‘[I]f God speaks, and if God speaks in the church, then on some subjects sermons are not popularized products of more basic scholarly reflection. Rather scholarly reflection is an academized product of the more basic proclamation of the gospel … Thus, for the Christian community, sermons are a first-order, not a second-order, activity … As worship is more fundamental in the church than theology, so kerygmatic proclamation is more basic and often more pertinent than scholarly reflection’. – Charles Partee, The Theology of John Calvin (Louisville/London: Westminster John Knox Press, 2008), 46.

I couldn’t agree with this more. I have always had one foot in the local church and one foot in the academy. I served two congregations adjacent to seminaries, and we always had a number of faculty members in the pews. In my church in Bangor I was also the chaplain and sat with the faculty.

I did three term-long research fellowships during sabbaticals at Oxford, Cambridge and St Andrews Universities. I tried to stay current with the leading theology and biblical journals and wrote articles and reviews for several of them. I participated in the Pastor-Theologian Program at the Center for Theological Inquiry in Princeton.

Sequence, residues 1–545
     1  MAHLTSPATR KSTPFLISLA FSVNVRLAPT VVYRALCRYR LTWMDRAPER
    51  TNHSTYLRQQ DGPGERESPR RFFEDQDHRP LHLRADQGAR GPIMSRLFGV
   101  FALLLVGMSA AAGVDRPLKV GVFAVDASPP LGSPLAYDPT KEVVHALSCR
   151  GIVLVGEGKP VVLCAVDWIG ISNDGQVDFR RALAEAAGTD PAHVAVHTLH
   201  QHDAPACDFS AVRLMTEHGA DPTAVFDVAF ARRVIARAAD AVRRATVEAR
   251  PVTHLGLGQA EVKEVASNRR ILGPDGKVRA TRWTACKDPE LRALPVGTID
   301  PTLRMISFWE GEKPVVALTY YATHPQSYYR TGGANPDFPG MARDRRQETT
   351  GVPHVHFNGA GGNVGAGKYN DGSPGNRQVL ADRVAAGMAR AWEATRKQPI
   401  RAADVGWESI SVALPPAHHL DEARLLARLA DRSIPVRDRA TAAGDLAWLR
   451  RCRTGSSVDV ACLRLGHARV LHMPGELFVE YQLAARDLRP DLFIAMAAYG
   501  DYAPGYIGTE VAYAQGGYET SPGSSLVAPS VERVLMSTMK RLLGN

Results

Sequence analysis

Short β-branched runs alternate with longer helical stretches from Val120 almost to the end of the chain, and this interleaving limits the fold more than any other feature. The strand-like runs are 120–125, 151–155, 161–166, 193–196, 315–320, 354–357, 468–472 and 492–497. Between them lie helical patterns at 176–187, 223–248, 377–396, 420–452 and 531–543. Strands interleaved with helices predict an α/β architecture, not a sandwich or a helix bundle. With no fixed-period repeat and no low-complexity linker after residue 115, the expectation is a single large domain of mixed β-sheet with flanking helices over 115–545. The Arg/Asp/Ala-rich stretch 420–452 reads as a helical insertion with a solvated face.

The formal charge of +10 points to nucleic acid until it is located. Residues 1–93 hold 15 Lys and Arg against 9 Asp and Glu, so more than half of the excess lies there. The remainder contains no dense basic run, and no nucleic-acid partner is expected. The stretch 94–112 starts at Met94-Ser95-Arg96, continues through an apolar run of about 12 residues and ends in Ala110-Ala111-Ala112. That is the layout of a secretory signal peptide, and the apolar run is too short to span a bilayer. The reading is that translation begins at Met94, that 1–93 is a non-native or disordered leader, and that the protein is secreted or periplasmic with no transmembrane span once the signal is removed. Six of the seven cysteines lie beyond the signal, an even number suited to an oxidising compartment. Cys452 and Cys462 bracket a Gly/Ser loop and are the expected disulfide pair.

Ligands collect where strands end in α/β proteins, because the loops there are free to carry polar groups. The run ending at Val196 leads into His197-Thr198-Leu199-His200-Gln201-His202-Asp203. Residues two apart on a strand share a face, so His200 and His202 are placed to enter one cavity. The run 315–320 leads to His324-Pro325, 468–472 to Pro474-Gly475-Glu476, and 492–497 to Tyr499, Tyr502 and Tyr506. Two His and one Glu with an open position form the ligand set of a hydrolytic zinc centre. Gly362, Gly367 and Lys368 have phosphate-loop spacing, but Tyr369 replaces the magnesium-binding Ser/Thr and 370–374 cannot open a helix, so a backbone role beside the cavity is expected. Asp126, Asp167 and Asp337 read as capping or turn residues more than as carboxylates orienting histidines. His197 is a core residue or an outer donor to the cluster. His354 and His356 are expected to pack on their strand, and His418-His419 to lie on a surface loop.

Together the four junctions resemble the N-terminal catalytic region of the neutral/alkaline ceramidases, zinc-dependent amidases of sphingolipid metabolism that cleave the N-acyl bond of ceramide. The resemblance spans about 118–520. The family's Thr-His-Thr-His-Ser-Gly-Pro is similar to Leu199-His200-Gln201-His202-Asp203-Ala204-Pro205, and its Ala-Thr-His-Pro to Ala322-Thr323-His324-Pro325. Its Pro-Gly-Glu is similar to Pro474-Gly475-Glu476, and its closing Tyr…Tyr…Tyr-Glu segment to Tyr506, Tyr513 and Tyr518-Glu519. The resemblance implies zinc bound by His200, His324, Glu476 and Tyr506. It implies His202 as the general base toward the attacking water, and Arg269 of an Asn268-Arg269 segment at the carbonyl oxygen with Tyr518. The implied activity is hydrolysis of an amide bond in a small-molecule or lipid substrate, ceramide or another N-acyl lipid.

I am comfortable in both worlds, at a lecture hall at Christ Church College, Oxford or at a planning meeting for Vacation Bible School. But my comfort is more that I am, by analogy, bilingual than that they speak the same language. They don’t.

The Partee quote gets at one of the problems that plagues theological education. Once upon a time, seminarians were trained by ministers who were also scholars, but had spent some time serving congregations. Their commitment was to the church and its ministries and they believed in a learned ministry as the means. They were bilingual in being able to speak both church and academic.

There are still wonderful teachers who share these commitments, but sadly, the secular academy is now the model that must be considered, with its emphasis on tenure and publishing. And, at least in America, members of the Academy who represent the theological disciplines are often viewed as quant relics of a bygone day. They don’t get big research grants like their more robust colleagues in the sciences.